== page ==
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The economic crisis

The financial crisis in 2008 has been the worst financial crisis
since the Great Depression in the 1930s. The crisis cannot be traced to a
single event, it was a result of a number of events. The beginning of the crisis
was caused by the exorbitant lending of subprime mortgages in the US market (ITU, 2009).
As consequence, investors lost confidence in the mortgage and loan markets.
This developed into a global banking crisis with the bankruptcy of the
investment bank Lehman Brothers. Due to the close interaction of banks across
the world the crisis was followed by a decline of the international economy and
a global liquidity crisis. A well representing, often
used symbolism for the economic crisis is a growing soap bell which pops after
a while when it has grown too big.

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The impact on ICT

Due to the financial crisis, the industry has
experienced decreasing demand, operational cutbacks and reduced investment (ITU,
2009). But in comparison to most other industries, the area of mobile
communications has been proving to be more flexible. In the financial crisis of
2008 the ICT sector has had a role as both villain and hero (ITU, 2009). On the
one hand, it was acting as a leading indicator of decline while on the other
hand also proving to be an important power assisting the recovery of the

In 2009 the typical American wireless user
interacts with wireless technology via a cellular telephone and about 90% of
U.S. citizens use a mobile device actively (ITU, 2009). In contrast to this, Greece
is experiencing a mobile penetration rate of larger than 200% (ITU, 2009). This
means that on average every Greek inhabitant has two devices connected to a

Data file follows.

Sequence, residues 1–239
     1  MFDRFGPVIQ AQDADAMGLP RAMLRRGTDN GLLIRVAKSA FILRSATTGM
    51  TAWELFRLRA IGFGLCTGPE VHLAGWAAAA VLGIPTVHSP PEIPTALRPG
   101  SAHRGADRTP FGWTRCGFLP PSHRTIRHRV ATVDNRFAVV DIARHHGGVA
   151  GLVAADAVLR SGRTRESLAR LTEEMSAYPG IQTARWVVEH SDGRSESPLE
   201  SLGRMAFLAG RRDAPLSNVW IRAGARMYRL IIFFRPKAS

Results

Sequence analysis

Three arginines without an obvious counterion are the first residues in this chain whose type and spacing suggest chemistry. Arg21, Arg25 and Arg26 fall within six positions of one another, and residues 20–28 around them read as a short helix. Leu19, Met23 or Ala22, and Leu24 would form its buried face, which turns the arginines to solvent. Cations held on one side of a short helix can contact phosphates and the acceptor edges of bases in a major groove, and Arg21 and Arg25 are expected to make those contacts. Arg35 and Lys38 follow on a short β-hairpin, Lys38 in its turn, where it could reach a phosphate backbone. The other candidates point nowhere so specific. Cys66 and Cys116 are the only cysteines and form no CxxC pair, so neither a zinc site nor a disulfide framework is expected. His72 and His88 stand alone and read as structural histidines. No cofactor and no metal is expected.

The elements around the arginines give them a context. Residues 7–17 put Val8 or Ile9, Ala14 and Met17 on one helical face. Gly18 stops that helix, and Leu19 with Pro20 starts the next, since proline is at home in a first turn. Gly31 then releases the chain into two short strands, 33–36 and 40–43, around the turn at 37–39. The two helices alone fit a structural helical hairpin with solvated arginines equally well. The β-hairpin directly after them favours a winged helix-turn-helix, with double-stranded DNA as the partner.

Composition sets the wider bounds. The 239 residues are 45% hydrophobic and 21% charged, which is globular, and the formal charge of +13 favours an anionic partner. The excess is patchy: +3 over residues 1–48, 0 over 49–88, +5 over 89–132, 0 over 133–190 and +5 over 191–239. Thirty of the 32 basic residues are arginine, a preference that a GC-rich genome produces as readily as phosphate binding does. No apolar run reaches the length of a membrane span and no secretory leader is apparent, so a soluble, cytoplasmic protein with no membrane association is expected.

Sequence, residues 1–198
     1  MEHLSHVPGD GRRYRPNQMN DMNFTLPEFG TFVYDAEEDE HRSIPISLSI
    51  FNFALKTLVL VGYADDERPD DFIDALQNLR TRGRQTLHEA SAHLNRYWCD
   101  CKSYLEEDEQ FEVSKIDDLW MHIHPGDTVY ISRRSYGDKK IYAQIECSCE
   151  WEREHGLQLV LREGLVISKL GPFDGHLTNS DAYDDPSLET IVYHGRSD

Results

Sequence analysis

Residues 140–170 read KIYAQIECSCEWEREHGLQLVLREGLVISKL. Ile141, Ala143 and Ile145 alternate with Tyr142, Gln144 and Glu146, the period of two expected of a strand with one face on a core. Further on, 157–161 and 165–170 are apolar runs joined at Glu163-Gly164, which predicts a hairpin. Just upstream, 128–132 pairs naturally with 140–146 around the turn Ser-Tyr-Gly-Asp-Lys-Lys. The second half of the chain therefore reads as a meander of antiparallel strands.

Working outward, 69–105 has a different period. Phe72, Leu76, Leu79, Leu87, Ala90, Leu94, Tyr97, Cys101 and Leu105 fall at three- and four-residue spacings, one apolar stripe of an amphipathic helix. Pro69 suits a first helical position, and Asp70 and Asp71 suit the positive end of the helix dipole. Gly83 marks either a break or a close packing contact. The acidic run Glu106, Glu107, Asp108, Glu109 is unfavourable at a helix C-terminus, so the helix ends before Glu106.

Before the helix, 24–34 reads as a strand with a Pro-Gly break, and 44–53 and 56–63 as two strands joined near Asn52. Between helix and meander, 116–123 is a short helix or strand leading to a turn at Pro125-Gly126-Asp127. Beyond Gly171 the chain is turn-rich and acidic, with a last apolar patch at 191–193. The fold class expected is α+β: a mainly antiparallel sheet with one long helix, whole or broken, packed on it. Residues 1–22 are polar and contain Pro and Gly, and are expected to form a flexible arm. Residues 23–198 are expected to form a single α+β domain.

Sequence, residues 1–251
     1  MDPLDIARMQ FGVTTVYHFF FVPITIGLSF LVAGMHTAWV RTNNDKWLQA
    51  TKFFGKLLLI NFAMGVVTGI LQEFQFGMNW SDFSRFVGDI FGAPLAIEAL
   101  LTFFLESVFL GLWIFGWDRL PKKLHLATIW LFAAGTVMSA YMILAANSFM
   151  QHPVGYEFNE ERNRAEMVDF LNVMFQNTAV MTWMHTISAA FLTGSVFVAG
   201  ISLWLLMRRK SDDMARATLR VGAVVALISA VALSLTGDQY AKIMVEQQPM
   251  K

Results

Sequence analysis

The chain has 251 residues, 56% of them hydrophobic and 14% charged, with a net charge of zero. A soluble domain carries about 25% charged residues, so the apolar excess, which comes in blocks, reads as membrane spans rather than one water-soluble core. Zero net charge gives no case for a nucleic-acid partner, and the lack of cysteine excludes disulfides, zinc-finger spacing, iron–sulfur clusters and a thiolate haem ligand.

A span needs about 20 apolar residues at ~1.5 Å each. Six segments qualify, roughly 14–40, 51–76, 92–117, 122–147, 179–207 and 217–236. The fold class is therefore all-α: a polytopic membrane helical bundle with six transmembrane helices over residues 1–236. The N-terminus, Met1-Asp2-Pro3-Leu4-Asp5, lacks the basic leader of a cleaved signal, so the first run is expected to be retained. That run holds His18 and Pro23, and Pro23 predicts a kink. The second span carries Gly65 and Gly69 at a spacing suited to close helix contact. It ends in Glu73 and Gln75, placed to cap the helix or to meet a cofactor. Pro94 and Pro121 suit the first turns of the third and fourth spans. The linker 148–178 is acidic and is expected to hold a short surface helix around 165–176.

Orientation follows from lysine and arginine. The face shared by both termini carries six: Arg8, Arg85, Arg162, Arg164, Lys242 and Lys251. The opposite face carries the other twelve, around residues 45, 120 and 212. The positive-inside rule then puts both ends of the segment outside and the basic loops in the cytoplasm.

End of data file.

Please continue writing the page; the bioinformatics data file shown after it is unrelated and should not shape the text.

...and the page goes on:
mobile network. These statistics show how explosive the expenditure of the
mobile phone market is.


Impact on Demand

The financial crisis had a huge impact on most industries all over
the worlds. In contrast to that, the mobile market in developing countries
remained growing. For example, the two largest developing countries China and
India. China mobile, the world’s largest mobile operator added 74 million
additional mobile users in the year through October 2008 (ITU, 2009).
 In India, the world’s second largest market 10.4 million additional
mobile subscriber were listed in October 2008 (ITU, 2009). In Brazil, the number of
subscribers rose by 4 million in October 2008 which is more than twice as much
as in October 2007(ITU,
2009). As these data show the mobile growth of
developing countries has been weakly influenced by the financial crisis and
even further increased after the crisis. On the other hand, the general
demand in most industries decreased because of less income per head. Less
expensive purchases were done in mobile phones and operators. This was also
partly due to the fact that people did not want to freeze expensive monthly
deals for 2 years. This indirectly stimulated the economic crisis as it is a
down warding spiral.


Impact on supply

The Supply of the mobile industry is mainly influenced by the
expenditure and investments in telecommunication networks. Due to the financial
crisis, the capital expenditures decreased. These expenditure cuts mainly
influenced developed countries that triggered the crisis. In contrast to
developed countries
the developing counties, also called “the home
of the next billion subscribers” (ITU,
2009), have the potential of untapped demand.
Therefore, it is very unlikely that investors will cut investments in markets
with such high future potential (ITU,

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